Horse Gastric Ulcers Supplements – Reduce Ulcers in Horses

Ulcer in performace horses

Equine Gastric Ulcers

The term ‘ulcers’ refers to a break or erosion in the lining of the esophagus, stomach or small intestines. The depth of the erosion determines the severity of the ulcer. Equine

Stomach ulcers are more common and occur primarily in the non-glandular (squamous) area of the stomach. Less commonly, ulcers occur in the glandular area of the stomach. In studies on horse populations, stomach ulcers are very common with up to 90% of Standardbred and Thoroughbred horses in race training affected. The clinical signs of ulcers are not noticeable in most horses. Of those horses clinically affected, the signs may include poor athletic performance, weight loss, and colic. Horses may also have an unthrifty appearance and mild diarrhea. In foals, teeth grinding (a sign of pain) and excessive salivation are common. Ulcers also occur in the first part of the small intestine (duodenum) and in the esophagus.

Ulcers are caused by a variety of factors, including:

  • diet and feeding management – including meal feeding, feeding high levels of concentrates, feed deprivation and types of feed (timothy versus alfalfa).
  • the stress of training and the stress of disease.
  • medications such as corticosteroids.
  • bile acid reflux.

This is quite different than with ulcers in man where the bacterium Helicobacter pylori is now thought to be important in the pathogenesis of 90% of duodenal ulcers and about 70% of gastric ulcers (1).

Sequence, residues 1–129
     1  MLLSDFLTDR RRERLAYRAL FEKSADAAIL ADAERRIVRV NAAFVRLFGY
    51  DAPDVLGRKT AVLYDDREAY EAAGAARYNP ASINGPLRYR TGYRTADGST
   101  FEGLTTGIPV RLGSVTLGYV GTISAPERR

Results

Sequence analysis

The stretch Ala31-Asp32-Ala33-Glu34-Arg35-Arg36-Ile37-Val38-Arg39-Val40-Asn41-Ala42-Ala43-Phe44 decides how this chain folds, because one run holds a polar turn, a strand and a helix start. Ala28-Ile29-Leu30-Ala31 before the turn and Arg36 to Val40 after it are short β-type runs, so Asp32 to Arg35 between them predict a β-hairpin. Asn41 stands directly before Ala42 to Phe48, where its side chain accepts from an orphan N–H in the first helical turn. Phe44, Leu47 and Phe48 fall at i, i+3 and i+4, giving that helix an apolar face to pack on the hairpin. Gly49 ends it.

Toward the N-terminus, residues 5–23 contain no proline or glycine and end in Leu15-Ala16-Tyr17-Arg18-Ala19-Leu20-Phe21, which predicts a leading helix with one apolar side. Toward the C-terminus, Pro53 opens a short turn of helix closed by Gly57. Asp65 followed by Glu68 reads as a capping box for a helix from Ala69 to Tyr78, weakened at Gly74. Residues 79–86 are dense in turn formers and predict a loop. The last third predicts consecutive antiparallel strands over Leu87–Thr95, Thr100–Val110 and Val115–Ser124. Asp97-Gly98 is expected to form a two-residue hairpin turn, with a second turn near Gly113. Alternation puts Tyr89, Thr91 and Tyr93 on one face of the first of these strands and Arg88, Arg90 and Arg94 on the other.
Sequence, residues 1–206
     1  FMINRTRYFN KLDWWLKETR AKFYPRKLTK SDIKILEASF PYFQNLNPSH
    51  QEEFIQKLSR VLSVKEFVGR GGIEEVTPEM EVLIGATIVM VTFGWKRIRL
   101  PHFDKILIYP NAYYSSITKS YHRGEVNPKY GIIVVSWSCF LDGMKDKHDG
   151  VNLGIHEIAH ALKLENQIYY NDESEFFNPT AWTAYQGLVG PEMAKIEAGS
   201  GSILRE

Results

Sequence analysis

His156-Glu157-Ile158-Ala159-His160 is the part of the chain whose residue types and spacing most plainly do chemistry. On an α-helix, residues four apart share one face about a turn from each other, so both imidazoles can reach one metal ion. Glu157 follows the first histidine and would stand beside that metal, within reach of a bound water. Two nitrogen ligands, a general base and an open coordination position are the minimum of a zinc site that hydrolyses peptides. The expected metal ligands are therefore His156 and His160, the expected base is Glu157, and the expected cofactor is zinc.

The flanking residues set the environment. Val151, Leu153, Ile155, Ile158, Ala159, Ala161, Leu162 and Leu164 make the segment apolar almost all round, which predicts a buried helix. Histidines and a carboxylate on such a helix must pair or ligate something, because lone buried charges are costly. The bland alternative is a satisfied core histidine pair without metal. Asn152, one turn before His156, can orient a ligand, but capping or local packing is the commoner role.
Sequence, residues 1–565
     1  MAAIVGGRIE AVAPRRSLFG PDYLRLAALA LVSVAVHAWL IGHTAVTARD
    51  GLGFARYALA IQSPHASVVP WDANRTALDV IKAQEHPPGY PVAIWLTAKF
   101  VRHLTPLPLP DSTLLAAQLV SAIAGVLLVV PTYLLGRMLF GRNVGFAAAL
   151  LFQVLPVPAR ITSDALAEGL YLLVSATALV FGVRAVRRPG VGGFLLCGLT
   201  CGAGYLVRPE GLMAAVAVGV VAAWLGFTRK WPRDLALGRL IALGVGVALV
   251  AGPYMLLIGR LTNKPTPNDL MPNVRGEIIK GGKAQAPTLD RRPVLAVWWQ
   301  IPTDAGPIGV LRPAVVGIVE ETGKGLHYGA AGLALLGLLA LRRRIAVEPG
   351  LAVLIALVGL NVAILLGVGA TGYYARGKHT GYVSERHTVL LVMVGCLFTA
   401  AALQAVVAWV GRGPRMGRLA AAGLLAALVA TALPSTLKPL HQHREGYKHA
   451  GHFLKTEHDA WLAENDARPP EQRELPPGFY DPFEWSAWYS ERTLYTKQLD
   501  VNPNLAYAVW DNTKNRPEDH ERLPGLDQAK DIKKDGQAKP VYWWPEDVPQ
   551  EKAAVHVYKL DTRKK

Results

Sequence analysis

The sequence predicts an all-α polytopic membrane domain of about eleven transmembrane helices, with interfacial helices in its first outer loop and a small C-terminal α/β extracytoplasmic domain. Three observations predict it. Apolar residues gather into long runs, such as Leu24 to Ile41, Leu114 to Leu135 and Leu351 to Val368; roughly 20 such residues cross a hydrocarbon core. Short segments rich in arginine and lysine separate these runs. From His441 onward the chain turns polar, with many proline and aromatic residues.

Gastric Ulcer in Horses

Food enters the stomach via the esophagus, leaves through the opening called the pylorus and passes into the first portion of the small intestine (duodenum). The stomach contains both squamous and glandular portions.

Diet and feeding management may play a major role in inducing ulcers in horses. By nature, horses are grazing animals, spending much of their day feeding. The grazing horse has a constant flow of saliva and passage of grass into the stomach, buffering stomach acid (2). Most horses graze pasture during the year. However, there are many horses, e.g., racehorses and high-level event horses, that are managed as meal-eaters rather than being allowed to feed or graze continuously. They receive dry hay and concentrates year-round, or for the majority of the year, in a meal rather than eating continuously as in grazing. (Concentrates are mixtures of grain, crushed or whole, along with vitamins and minerals combined in various forms or textures (e.g., sweet-feed, pelletted feed) to compliment the nutrients found in the hay.)